If you marvel at how well UMBC’s buildings have been maintained over the last decade or so, you can point to the hard work of James Donlan ’85, economics, who until recently served as the university’s director of facilities management.
In that position, Donlan supervised the maintenance of 3.6 million square feet in UMBC’s 49 buildings. He also guided the university through some of its most challenging renovations of major buildings and constructions of new buildings in the past 15 years.
And while his departure means the university has big work boots to fill, Donlan is tackling a challenge that will call on his organizational skills, and the experience he has gleaned from his years at UMBC and his experiences as a colonel in the United States Marine Corps Reserves: leading a project designed to combat the deadly improvised explosive devices (IEDs) that are a favored weapon of insurgents in Iraq and Afghanistan.
Donlan says that he is sad to leave UMBC. “But the opportunity presented itself to work on a project with a significant impact on saving lives,” he says. “That made the decision easier.”
It was Donlan’s work on a recent tour of duty as a Marine combat engineering officer in the Marine Corps’ War Fighting Lab in Quantico, VA, that led him to his new position. The lab, he says, “finds scientific and technological solutions to problems the Marines are having in combat.” The goals of such work, he observes, is to find ways to “harden vehicles and protect people.”
Donlan’s work in that group led him to participation in a joint working group on the deadly explosives culled from all branches of the armed forces by the Department of Defense. “It is sort of a Manhattan Project to predict and prevent IEDs,” says Donlan of the Joint Improvised Explosive Device Defeat Organization, or JIEDDO.
After Donlan’s tour was up, he was contacted by CenTauri Solutions – a defense contractor which had won an $11.7 million bid with the Pentagon and JIEDDO to work on new techniques to detect IEDs with aerial electromagnetic sensors. The group recruited Donlan as a project director on the new effort, dubbed “Yellow Jacket.” He began work on the project in the autumn.
On his tour of active duty in Iraq in 2004 and 2005 (including a stint in Fallujah), Donlan says that he “encountered multiple IEDs on a daily basis, either disarming them or finding them.” Helping his fellow solders identify and neutralize the threat, he adds, proved a strong lure to sign up for Yellow Jacket.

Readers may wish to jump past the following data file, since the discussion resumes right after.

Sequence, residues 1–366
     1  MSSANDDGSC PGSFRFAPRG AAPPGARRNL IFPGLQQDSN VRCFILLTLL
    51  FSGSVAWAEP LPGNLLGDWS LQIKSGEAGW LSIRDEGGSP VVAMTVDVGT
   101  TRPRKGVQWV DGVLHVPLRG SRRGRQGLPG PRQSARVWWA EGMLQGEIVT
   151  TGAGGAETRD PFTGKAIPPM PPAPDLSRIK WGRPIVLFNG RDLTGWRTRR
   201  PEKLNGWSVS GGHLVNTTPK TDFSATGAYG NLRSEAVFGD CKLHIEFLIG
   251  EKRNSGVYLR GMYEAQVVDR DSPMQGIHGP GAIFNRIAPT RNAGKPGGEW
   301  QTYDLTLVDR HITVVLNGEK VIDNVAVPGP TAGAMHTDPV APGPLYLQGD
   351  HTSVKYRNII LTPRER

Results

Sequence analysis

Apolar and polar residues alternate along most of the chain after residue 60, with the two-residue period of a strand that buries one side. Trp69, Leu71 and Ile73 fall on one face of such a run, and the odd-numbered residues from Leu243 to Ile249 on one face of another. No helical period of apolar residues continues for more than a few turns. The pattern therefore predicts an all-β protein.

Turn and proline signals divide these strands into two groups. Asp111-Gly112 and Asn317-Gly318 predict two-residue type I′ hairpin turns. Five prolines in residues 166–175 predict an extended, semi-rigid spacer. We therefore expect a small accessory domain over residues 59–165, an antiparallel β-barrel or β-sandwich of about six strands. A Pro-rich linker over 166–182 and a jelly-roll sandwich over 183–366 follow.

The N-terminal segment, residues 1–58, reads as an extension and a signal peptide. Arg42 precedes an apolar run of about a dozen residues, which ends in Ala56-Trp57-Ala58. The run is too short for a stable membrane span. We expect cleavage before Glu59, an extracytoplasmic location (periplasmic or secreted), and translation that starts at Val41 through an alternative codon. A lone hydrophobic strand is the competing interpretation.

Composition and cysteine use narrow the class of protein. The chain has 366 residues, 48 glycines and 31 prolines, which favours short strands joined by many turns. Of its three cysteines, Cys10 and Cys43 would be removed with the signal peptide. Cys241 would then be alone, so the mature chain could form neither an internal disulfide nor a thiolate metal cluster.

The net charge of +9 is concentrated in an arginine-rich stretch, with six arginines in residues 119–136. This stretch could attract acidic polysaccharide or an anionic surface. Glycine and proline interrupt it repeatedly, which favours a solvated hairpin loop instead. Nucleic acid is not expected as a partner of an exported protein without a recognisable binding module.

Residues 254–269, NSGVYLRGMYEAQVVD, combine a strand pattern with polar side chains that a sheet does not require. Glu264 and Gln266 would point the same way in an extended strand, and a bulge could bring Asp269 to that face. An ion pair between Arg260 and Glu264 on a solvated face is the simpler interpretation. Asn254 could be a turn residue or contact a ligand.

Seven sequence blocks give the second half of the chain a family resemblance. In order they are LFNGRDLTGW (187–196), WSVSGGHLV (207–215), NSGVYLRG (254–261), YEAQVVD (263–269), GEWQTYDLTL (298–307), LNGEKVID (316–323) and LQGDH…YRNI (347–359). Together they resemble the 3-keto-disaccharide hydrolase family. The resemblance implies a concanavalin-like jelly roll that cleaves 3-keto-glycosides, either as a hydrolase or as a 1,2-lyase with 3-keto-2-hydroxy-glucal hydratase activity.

Donlan’s tasks at UMBC may not have taken on the life or death quality of his work as a Marine, but his steady efforts as the university erected new structures and renovated key buildings were a crucial element in UMBC’s growth. Donlan succeeded the late Richard Butler in 1994, first as associate director and later as director of facilities management.
In Donlan’s tenure, UMBC constructed the Information Technology and Engineering (ITE) building, the Public Policy building, the Physics building and a number of new residential buildings. “In the 1990s, there was construction fence everywhere,” Donlan recalls. “As I look back at it now, it seems like we were building everywhere.”
Yet Donlan feels that UMBC has retained a lot of what made it special for him as a student in the 1980s. “The campus has doubled in size,” he observes. “But it still feels small. It’s big enough that it has all of the amenities of a larger school, but it’s still small enough that it feels like a family.” (Indeed, his son Justin Donlan ’11 is a student in UMBC’s Honors College.)
Out of all his accomplishments at UMBC, Donlan points to the renovations of the biology and chemistry buildings as the most satisfying. “The biology and chemistry buildings were two of the toughest jobs we did,” he says. “We did both of them in occupied settings.”
The chemistry renovation posed vexing problems for Donlan and his team to solve.
“We were building a building on top of a building,” Donlan recalls. “The building was built like a tank. The air handling systems and everything else were in the basement. At [the time of the building’s construction], that was great idea. It worked well. But when you’ve got to replace those systems, there’s no way to get back in there. So we actually had to take the mechanical rooms that were in the basement and put them on the roof.”
Sensitivity to the important research that was happening in both buildings was also a key element in both successful renovations, Donlan says, because any mistakes “could have a devastating impact on researchers’ careers.”